In the summer of 2020, Casey knew she had to drastically change her life when she overdosed twice.
This happened after her children, who were 11, 5, and 3, were removed from her home because her daughter’s father had overdosed there, and he was also physically abusive. That’s when her addiction spiraled out of control.
“I have a 25-year-old son who literally fell to my feet and said, ‘I don’t want to lose you, but I have to love you from a distance,’” she recalled. “That was the push I needed, because he wouldn’t talk to me anymore. And I lost my girls. They had never been removed from me until then. I had them their entire lives. To feel that empty—I felt I either wanted to die, or I needed to go somewhere.”
That October, 45-year-old Casey and her three daughters joined the close-knit sober community of CHD’s Grace House in Northampton, one of the few residential treatment programs designed for moms in western Massachusetts. “It was life-changing,” she said. Casey took advantage of group therapy and she came to terms with the root causes of her addictions. “I had been to therapy before, but nothing ever clicked,” said Casey. This time it simply worked.
“The other moms were going through the same thing as I was,” she says. “We worked on bettering our lives and understanding why we made the choices we made.” Casey, who grew up in Fall River, started using heroin and cocaine with her daughters’ father when she was 29. “What I gained from Grace House was insight into why I did the things I did, and it stemmed back to my childhood,” she said. Casey was a victim of sexual abuse as a child, and her mother was in and out of psychiatric hospitals.
Before Casey went to the Grace House, she was dealing with not only drug addiction, but also domestic violence. Her therapists helped her discover why she gravitated toward toxic partnerships. “I found out that I had abandonment issues,” she said. “I was basically addicted to bad relationships in the same way I was addicted to drugs.”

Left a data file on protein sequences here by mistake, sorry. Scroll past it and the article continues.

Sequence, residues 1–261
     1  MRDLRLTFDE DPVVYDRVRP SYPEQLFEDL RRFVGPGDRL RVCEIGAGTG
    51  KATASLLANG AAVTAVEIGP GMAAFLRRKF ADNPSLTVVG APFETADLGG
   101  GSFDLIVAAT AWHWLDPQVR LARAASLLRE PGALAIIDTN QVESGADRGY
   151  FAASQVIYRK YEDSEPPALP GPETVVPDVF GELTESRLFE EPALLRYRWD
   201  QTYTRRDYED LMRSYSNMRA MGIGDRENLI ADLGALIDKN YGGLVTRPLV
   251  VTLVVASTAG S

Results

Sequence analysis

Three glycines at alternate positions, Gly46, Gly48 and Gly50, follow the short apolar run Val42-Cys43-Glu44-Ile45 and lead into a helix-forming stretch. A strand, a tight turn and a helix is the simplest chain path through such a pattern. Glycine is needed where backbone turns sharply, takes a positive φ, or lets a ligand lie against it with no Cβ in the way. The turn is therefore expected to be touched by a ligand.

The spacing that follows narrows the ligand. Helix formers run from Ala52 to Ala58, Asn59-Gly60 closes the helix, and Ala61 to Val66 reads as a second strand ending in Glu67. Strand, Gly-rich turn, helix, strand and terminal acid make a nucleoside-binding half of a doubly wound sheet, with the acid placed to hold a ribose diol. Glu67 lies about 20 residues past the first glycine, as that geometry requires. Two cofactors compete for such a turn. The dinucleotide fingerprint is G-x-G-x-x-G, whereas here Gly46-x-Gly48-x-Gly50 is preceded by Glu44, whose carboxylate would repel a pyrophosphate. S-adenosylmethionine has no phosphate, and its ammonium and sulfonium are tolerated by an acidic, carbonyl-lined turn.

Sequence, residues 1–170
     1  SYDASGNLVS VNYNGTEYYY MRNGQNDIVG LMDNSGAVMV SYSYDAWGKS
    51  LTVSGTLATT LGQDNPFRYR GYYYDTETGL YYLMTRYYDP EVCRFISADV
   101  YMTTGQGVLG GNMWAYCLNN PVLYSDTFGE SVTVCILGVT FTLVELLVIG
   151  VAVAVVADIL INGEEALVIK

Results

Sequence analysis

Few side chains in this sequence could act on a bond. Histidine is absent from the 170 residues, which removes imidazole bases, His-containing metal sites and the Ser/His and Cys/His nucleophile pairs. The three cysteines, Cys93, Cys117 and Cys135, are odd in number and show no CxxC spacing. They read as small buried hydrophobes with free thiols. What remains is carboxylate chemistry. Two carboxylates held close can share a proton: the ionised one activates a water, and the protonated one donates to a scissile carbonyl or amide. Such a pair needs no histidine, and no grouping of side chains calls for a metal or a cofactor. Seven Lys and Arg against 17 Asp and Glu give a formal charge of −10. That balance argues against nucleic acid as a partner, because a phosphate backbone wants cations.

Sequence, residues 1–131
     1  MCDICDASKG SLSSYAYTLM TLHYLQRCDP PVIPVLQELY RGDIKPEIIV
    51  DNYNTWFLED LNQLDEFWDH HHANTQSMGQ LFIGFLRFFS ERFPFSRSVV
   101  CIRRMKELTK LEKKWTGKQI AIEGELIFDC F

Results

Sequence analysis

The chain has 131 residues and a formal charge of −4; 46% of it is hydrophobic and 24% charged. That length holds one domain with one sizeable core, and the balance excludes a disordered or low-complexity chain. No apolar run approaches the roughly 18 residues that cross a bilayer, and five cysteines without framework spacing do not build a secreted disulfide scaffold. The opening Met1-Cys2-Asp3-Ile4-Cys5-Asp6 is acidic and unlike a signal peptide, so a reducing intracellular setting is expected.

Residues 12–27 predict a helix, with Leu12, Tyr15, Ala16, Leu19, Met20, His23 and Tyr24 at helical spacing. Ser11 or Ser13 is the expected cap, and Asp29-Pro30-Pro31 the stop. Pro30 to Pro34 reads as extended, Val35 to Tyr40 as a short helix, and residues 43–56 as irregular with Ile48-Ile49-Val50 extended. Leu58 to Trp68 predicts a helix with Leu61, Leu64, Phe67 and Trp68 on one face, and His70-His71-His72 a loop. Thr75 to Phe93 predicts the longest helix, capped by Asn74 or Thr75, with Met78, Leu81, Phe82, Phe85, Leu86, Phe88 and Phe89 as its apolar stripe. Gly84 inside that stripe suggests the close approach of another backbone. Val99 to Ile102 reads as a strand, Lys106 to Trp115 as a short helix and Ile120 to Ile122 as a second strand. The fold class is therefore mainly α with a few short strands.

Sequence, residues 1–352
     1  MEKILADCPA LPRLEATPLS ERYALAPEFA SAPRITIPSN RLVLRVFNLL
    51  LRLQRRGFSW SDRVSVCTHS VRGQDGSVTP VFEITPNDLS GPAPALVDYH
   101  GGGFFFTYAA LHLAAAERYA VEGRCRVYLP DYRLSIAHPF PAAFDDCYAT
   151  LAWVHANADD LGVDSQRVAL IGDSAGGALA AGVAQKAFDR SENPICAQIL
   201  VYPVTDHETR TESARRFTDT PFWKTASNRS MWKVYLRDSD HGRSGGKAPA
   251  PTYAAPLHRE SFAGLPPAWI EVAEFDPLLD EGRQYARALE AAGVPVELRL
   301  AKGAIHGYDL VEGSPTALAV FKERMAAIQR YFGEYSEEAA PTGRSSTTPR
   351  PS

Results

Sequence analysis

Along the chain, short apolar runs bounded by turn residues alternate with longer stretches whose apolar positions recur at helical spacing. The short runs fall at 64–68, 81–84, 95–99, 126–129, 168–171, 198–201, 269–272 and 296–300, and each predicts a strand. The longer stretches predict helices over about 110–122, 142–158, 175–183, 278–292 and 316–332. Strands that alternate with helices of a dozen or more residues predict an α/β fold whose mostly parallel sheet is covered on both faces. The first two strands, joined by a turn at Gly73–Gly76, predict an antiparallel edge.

Casey’s past made it difficult for her to trust the right people. What she found at the Grace House were individuals who cared, who were invested in her success, and who helped her mend the impacts of trauma on her life. “Before, I didn’t feel comfortable asking for help,” she said. “I wasn’t assertive. My self-esteem was low.” With room for 14 families, Grace House provides mothers with clinical and supportive services to offer guidance and work through setbacks. Casey marveled at the way she and the other mothers in the program grew emotionally, socially, and spiritually as they navigated recovery. “We built each other up,” she said. “I made great friends there, and I’m still in touch with some of them. Grace House had therapy for my kids, too, and it helped them so much.”
Among the people she has high praise for at the Grace House are Clinical Director Devin Daly, therapist Clara Wagner, and Program Director Jen Kent. “Jen was a great listener,” says Casey, who credits Jen with always lending an ear when her anxiety level was high.
Casey now lives in a small western Massachusetts town and living a family life that is a far cry from her rough-and-tumble upbringing in Fall River. Grace House helped her find housing, and her next goal is to go back to school. “I want to help other women in recovery—women who have gone through domestic violence,” she said. “I am so grateful to everyone at the Grace House. They taught me how to be a mom again.”